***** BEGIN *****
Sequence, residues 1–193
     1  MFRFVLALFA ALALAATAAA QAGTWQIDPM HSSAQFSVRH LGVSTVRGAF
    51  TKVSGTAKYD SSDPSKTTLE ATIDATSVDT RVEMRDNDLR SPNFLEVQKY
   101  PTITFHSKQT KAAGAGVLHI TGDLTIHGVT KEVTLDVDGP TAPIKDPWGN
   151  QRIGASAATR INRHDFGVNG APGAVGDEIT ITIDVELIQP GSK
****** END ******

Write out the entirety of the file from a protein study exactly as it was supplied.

Sequence, residues 1–193
     1  MFRFVLALFA ALALAATAAA QAGTWQIDPM HSSAQFSVRH LGVSTVRGAF
    51  TKVSGTAKYD SSDPSKTTLE ATIDATSVDT RVEMRDNDLR SPNFLEVQKY
   101  PTITFHSKQT KAAGAGVLHI TGDLTIHGVT KEVTLDVDGP TAPIKDPWGN
   151  QRIGASAATR INRHDFGVNG APGAVGDEIT ITIDVELIQP GSK